2. At 1:45 yesterday afternoon I had a complete left knee replacement. Following surgery and at the point in which I was admitted to my room I had my husband bring up my walker. My walker is rated for my weight. The first time I needed to get out of bed to use the restroom, I told the nurses aide that the potty chair that was in here would not work for me I needed a larger one. She searched around and brought back a proper sized potty chair. She also brought a walker that was not properly sized. At this point the nurse had arrived and I indicated to her that I needed to use my own walker. She said that it would not be safe for her or for the nurses aide or for me to use my own walker. I explained to her that I needed to use my own walker. She indicated that I needed to use their walker. She placed it in front of me and I looked at the aluminum walker. She then realized that “yes” it was not going to work for me. I indicated again that I needed to use my own walker. She placed it in front of me and I proceeded to stand up very well with my own walker. At that point I believe she realized that I knew what I was talking about and ever since she has listened to me. She has been amazed at my strength and my progress overnight. Thank you Ragen for this particular blog this morning it really hits home.

    1. Good for you for standing up for yourself!!!! My experience last summer after my foot surgery was so frustrating. I’d already been figuring out how to get from the bed to the chair and the chair to the toilet. The PT came in and was adamant that I get up again and ‘prove’ I could get from bed to toilet, but wanted me to use crutches. The crutches were not gauged for my weight or height.. totally unsafe.. plus I was completely worn out from just going to the bathroom and having had my bed changed prior to that (making me get into the wheelchair). I was in tears… I finally said for her to leave me alone and come back the next day… We brought my crutches from home and I did fine…. The PT was a tiny thing…. maybe 5 foot tall and easily a third my weight. I was NOT going to be confident with her help, even if I did have the right equipment.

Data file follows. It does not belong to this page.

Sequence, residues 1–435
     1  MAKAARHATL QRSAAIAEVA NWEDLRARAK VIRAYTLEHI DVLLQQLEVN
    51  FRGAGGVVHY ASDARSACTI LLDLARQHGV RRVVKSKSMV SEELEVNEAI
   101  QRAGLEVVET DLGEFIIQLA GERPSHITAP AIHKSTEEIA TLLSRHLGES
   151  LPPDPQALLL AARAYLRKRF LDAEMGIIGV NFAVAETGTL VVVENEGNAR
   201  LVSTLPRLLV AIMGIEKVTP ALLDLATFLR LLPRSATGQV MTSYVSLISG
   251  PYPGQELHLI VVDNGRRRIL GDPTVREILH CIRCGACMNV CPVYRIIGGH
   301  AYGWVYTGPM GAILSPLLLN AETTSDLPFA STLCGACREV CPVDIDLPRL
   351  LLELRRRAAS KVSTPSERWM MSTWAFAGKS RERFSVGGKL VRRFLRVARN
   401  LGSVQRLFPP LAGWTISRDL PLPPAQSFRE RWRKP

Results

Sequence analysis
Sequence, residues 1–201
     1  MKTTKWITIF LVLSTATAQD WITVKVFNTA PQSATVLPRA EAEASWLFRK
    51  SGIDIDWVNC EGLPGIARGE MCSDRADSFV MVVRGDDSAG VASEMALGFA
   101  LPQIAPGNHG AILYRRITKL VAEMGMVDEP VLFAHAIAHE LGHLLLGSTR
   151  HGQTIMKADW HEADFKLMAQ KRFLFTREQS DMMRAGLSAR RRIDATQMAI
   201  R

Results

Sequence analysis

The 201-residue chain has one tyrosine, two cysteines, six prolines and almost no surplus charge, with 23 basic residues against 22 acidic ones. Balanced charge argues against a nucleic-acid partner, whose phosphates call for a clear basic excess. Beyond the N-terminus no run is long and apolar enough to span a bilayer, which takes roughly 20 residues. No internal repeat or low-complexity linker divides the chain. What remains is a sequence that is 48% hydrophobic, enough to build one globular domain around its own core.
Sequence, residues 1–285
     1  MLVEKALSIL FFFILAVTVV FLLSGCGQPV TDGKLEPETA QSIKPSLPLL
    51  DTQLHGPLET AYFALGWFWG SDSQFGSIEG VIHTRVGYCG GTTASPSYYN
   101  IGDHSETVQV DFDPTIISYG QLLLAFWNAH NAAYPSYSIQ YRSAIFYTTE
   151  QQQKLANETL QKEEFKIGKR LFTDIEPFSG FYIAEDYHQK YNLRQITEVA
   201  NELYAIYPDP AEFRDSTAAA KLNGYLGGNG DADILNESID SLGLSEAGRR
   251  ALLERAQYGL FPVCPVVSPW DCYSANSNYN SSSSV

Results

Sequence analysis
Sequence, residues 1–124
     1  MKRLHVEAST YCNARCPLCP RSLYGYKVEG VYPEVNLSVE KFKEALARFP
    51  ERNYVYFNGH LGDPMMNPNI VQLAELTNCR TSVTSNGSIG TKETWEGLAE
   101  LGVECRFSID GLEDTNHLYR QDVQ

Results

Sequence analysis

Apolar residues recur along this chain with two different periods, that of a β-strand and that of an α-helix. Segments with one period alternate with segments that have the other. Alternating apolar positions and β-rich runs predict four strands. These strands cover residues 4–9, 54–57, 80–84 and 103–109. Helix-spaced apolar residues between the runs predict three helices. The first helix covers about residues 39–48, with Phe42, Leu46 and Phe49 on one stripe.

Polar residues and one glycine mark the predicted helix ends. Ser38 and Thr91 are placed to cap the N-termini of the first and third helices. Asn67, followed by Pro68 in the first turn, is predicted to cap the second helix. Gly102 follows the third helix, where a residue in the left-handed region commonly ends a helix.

2. Awesome job standing up for yourself – literally! That is hard to do even when we are feeling great and on top of our game, nevermind following surgery, wearing a johnny and trying to get to the bathroom. Thank you so much for sharing this!

  3. I was just told that I would have to live with the pain in my knee and it locking up on me and making me fall until I either stop being fat essentially or get old enough for a knee replacement. Good threat that one. Stop being a fatty or live with 30 years of pain and random falling.

    I think that orthopedic surgeons cause high blood pressure. They can add that to the study and choke on it.

    1. I’m 33 and was diagnosed with osteoarthritis in both knees this week. I stumbled across info tonight that suggested that taking turmeric would alleviate the pain as well or better than NSAIDs and with fewer side effects. Have you heard of that or tried it? I’m wondering if it’s worth a try.

      1. Turmeric (one of the spices in curry powder) is a powerful anti-inflammatory, so it might be worth a try.

        I have osteoarthritis in my knees after a bad car accident a few years ago. I take turmeric and have not noticed a decrease in pain with it, but I do think it’s helpful to my health in general. I don’t take it in large doses, though, and of course, if you are on other medications, you need to check for any interactions.